- Thomas Ploetz, Newcastle University, UK
- Daniel Roggen, ETH Zurich, Switzerland
- Andreas Bulling, University of Cambridge and Lancaster University, UK
W3: First Workshop on Pervasive Urban Applications (PURBA)
Website : http://purba.mit.edu
Over the past decade, the development of digital networks and operations has produced an unprecedented wealth of information. Handheld electronics, location devices, telecommunications networks, and a wide assortment of tags and sensors are constantly producing a rich stream of data reflecting various aspects of urban life. For urban planners and designers, these accumulations of digital traces are valuable sources of data in capturing the pulse of the city in an astonishing degree of temporal and spatial detail. Yet this condition of the hybrid city – which operates simultaneously in the digital and physical realms – also poses difficult questions about privacy, scale, and design, among many others. These questions must be addressed as we move toward achieving an augmented, fine-grained understanding of how the city functions – socially, economically and yes, even psychologically.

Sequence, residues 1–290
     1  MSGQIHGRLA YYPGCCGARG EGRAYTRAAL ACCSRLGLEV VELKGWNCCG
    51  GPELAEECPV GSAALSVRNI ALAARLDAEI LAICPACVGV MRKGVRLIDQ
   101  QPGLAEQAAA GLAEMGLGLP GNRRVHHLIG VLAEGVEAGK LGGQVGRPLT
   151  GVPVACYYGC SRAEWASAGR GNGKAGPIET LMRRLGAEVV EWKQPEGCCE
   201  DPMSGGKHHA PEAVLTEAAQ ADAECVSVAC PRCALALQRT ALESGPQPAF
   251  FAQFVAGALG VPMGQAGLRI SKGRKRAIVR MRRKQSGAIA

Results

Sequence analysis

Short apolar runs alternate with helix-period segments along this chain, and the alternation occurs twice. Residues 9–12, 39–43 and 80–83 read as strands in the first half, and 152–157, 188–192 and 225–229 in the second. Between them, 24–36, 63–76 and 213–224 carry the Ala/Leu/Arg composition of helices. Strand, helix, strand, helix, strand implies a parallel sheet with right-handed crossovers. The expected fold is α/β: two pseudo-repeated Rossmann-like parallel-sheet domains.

This workshop aims to bring together researchers and practitioners to discuss and explore the research challenges and opportunities in applying the pervasive computing paradigm to urban spaces. We are seeking multi-disciplinary contributions that reveal interesting aspects about urban life and exploit the digital traces to create novel urban applications that benefit citizens, urban planners, and policy makers.
- Francesco Calabrese, MIT
- Santi Phithakkitnukoon, MIT
- Dominik Dahlem, MIT
- Giusy Di Lorenzo, MIT
W4: First Workshop on Hybrid Pervasive/Digital Inference
Website : https://sites.google.com/site/hpdi2011/